Brightpoint Points The Way For John Tyler Community College
On Thursday, the Virginia State Board for Community Colleges approved changing the name of John Tyler Community College to Brightpoint Community College. The new name was selected after a year of outreach--first initiated because of the murder of George Floyd.
Student Lily Miller and the rest of her art class took advantage of the day’s nice weather by working on projects outside.
“We were doing a little clay Olympics. So for ceramics class, we were throwing clay at a target,” Miller said.
Miller, who actually graduated last year, is taking summer classes. In between classes last year, she also worked as student ambassador. Part of her duties included leading students on tours around campus.
She said as she gave tours, she had to talk about the history of the campus and it’s namesake.
“John Tyler was a little bit irrelevant to the school's history. It was just always kind of a weird point of like, how much do we talk about this?” she said.
Tyler -- the tenth president and first to never be elected -- owned two plantations where he enslaved nearly 50 people and supported slavery throughout his political career.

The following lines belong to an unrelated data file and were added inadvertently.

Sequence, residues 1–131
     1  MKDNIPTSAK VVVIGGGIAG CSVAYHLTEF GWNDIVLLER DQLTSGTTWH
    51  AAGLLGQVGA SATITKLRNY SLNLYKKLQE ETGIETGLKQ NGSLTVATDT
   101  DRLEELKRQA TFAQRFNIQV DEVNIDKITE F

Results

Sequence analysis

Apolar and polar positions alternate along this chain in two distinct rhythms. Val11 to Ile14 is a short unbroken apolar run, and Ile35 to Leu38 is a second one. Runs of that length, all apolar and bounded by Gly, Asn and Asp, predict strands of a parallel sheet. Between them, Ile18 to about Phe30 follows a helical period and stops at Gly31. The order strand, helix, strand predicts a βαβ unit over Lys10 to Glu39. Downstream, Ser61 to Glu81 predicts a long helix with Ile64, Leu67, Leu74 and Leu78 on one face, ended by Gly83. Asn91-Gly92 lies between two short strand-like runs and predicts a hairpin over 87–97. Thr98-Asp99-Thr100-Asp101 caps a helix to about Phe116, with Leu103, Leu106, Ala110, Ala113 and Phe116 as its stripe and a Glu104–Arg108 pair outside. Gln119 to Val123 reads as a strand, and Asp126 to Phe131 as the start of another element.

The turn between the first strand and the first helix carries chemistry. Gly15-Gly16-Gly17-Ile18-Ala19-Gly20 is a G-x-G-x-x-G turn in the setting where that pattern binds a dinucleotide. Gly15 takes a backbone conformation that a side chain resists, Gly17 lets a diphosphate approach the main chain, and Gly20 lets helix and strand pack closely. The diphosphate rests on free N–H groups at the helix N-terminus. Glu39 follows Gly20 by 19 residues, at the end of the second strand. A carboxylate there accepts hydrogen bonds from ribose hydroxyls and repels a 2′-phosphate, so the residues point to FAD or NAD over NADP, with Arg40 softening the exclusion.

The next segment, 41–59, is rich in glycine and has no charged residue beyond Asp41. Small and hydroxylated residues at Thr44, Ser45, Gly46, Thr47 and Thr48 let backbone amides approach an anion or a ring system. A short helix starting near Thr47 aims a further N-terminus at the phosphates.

Miller also said it felt weird to give tours during the day, then head to Richmond to join the Black Lives Matter protests. She said it was a good move for the faculty to change the name from John Tyler to Brightpoint.
“I think that it just shows they are willing to acknowledge people’s feelings at least,” Miller said.
John Tyler Community College President Ted Raspiller said Tyler’s name wasn’t the most forward-thinking and inviting for the school. But he said the school isn’t trying to erase history.
“All we’re trying to do is really get pointed in the right direction, so everybody, everybody can feel the success and feel the difference that a community college education and experience makes,” said Raspiller.
He said the new Brightpoint name was selected after a year of campus and community outreach, which included over 1400 people responding to a survey where over 50% expressed support for the name change. According to school records for the last academic year, 22% of students at John Tyler were Black.
The push to update the moniker was first initiated by the murder of George Floyd, which prompted the Virginia State Board for Community Colleges to review the appropriateness of names for colleges and buildings. Raspiller followed suit with a letter to students, staff and the community calling for a change.
In addition to Brightpoint, the school will be updating the names of two buildings and several streets. Raspiller says it’ll take at least a year to put the new name on everything from school signs to financial aid paperwork.